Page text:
Lens sharpness, contrast and color rendition
As I reveal below, the sharpness performance of the Sigma 24-35mm f/2 is simply amazing. I was quite shocked to see the lens outperform all of the Nikkor f/1.8G primes in center resolution. In fact, based on the performance of the lens at 24mm, the 24-35mm f/2 Art now holds the crown as the sharpest lens I have tested to date, with an Imatest score of 3235 in the center of the frame at f/2.8. While that’s certainly very impressive, such performance does come at a cost – the lens exhibits some focus shift.
When focusing on a subject wide open at f/2, the lens would yield very impressive mid-frame and corner performance in the expense of center performance when stopping down to f/5.6 and smaller. Imatest showed slightly lower performance in the center compared to mid-frame and the corners at f/5.6-f/11 range, which is a sign of focus shift. To keep center resolution high, I had to re-focus at f/4 using live view and re-measure the lens performance at different apertures. Although focus shift was not significant (not a big deal for most types of shooting), you might need to check your images when shooting in the field and potentially re-acquire focus at your desired aperture using live view.
Let’s now take a look at some Imatest numbers at different focal lengths:
The Sigma 24-35mm f/2 Art is a stunner at 24mm. Its wide open performance is superb and when stopped down to f/2.8, I was able to reach such high performance that no other lens has demonstrated before.
At 28mm, the lens gets a bit weaker at wide apertures, but not all that far from 24mm. By f/4 it reaches superb levels of sharpness and stopping down to f/5.6 results in excellent mid-frame and corner sharpness.
Zooming in to 35mm does not drastically change the overall picture – the lens performs amazingly well here, reaching best overall performance at f/5.6.
It is hard to understand just how good the above numbers are without comparing them to other lenses. Check out the lens comparisons section, where I put each focal length side to side with the Nikkor f/1.8G primes!
With such a wide coverage and a maximum aperture of f/2, I would not expect this lens to produce stunning bokeh – that’s just not what the lens is designed to do. If you need a solid portrait lens capable of rendering beautiful, creamy bokeh, you will be better off with a dedicated portrait lens in the 50mm+ range. However, if you often shoot wide open and you want to see how well the lens does in terms of rendering out of focus subjects, I have included a couple of images captured in the f/2 to f/4 range in this review. In short – not bad, but not great either. Out of focus transitions look pretty smooth, but if you are concerned about highlights in the background, you should be aware that this lens won’t do magic. Lenses such as the 24-35mm f/2 with aspherical elements tend to perform poorly with background highlights, showing “onion-ring” bokeh.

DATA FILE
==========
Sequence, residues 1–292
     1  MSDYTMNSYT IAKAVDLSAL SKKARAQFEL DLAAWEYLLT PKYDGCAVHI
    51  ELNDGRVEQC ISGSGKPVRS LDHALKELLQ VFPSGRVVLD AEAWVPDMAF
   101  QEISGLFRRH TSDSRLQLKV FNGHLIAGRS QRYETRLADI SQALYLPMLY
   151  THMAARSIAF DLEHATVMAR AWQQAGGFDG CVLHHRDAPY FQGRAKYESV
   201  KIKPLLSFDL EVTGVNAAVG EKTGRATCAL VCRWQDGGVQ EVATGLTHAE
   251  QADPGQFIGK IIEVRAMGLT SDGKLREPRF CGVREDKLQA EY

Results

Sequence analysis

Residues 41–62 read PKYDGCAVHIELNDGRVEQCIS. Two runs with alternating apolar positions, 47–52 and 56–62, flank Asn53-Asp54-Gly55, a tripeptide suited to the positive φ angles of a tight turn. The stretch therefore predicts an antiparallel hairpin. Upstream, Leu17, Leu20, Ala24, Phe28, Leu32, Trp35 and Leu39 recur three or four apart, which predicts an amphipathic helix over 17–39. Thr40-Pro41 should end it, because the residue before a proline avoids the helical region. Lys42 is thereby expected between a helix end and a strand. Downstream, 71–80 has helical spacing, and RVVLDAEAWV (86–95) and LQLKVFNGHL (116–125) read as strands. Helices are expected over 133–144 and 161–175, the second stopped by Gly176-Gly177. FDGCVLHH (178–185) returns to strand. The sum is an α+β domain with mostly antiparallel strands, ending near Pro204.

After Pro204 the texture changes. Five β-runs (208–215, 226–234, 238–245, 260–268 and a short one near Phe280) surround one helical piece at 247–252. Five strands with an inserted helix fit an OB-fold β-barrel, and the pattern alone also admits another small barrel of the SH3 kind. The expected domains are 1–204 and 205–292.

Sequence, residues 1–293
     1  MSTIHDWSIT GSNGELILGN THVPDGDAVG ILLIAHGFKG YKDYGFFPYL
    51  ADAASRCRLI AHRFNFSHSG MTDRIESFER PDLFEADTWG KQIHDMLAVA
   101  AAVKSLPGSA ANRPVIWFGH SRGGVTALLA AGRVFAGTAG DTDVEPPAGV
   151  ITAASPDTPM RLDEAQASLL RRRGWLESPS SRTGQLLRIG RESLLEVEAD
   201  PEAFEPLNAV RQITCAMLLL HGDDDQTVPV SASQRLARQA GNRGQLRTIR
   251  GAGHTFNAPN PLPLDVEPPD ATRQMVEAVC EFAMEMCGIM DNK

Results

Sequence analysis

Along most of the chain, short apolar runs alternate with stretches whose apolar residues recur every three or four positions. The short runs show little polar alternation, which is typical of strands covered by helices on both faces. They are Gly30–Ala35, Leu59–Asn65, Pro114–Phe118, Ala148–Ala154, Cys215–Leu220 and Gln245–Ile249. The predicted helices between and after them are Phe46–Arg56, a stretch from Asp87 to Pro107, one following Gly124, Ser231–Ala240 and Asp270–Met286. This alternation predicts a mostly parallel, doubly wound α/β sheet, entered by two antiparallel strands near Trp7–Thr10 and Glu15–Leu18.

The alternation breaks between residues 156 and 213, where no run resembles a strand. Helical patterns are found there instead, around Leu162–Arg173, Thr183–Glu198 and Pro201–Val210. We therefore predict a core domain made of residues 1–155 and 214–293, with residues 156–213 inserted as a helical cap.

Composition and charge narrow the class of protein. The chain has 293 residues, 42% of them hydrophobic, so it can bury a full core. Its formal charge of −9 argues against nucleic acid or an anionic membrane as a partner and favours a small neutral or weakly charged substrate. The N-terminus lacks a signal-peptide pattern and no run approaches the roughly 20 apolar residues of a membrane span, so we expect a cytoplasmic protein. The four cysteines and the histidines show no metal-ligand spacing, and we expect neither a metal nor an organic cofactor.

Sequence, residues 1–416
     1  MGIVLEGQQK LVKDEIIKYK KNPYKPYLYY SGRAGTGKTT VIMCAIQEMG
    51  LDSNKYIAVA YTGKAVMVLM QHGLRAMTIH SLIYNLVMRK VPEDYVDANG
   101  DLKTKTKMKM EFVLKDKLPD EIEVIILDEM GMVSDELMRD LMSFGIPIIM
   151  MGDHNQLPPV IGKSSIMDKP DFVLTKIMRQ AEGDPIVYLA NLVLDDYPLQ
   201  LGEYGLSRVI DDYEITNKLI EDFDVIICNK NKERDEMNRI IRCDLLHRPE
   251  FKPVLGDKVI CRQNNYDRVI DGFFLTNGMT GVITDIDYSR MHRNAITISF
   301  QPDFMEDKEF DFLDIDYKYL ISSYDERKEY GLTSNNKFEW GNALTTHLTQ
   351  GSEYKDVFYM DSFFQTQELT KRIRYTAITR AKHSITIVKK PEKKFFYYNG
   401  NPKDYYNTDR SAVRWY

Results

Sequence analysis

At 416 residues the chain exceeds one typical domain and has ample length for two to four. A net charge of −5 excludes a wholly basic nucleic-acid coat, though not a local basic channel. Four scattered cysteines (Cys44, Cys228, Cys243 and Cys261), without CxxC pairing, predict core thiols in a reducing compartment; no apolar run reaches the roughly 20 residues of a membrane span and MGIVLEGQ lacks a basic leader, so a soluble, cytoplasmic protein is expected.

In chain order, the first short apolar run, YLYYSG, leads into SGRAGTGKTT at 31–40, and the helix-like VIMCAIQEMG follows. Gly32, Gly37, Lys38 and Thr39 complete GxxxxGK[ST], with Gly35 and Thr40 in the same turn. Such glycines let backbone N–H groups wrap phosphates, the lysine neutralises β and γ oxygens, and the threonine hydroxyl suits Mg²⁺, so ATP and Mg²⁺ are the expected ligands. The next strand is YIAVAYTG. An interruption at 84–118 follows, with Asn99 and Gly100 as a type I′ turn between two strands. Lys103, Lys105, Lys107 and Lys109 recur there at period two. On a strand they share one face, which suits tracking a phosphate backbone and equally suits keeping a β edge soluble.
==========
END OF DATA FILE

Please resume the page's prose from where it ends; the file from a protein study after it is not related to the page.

Here is a sample image captured at f/2:
Most lenses heavily vignette when shot wide open, especially on a full-frame body. As expected, the Sigma 24-35mm f/2 vignettes quite a bit wide open, with vignetting levels falling sharply when stopped down beyond f/2.8. Here are the vignetting levels measured by Imatest:
As you can see, vignetting is quite strong at f/2, measuring over 3.5 stops at close focus. Vignetting is not that noticeable at infinity, although it is still on the heavy side. If it bothers you, it is relatively easy to fix in post-processing software like Lightroom and Photoshop.
Ghosting and Flare
The Sigma 24-35mm f/2 Art handles flares and ghosting very well. When shooting against a very bright source of light such as the sun, if the light source is in the extreme corners, you might see some flare and ghosting in your images, which is normal and expected from most wide angle lenses. The provided lens hood is light and not overly obtrusive, so I would keep it on the lens at all times. When using the lens with filters, I got in the habit of reversing the lens hood and keeping it on the lens, although it made the focus ring a bit tougher to access in situations when I had to focus manually. Please keep in mind that using UV and other filters can potentially introduce more flares and ghosting to your images.
Unfortunately, distortion is the weak spot of the Sigma 24-35mm f/2, as it exhibits both barrel and pincushion distortion at different focal lengths. Take a look at the below chart, which illustrates the distortion behavior of the lens:
As you can see, the lens exhibits pretty strong barrel distortion measuring around 2% at 24mm, which gets significantly reduced at the 28mm mark (non-existent at around 30mm) and then transitions into pincushion distortion at 35mm.
Lateral chromatic aberration levels stay very light (below 1 pixel) at all focal lengths, which is quite impressive:
Most similar lenses typically stay in the 1.5 to 2.5 pixel range, so the performance of the 24-35mm f/2 is surprisingly good here.
Unfortunately, the Sigma 24-35mm f/2 suffers from hot spots, most likely due to use of aspherical elements. They are subtle, but definitely visible, especially when stopped down to f/8 and smaller range. I ended up converting my IR images to black and white, since the hot spot in the colored versions looked pretty bad and it was impossible to work with.
On the next page of this review, we’ve compared this Sigma against other lenses on the market around these focal lengths:
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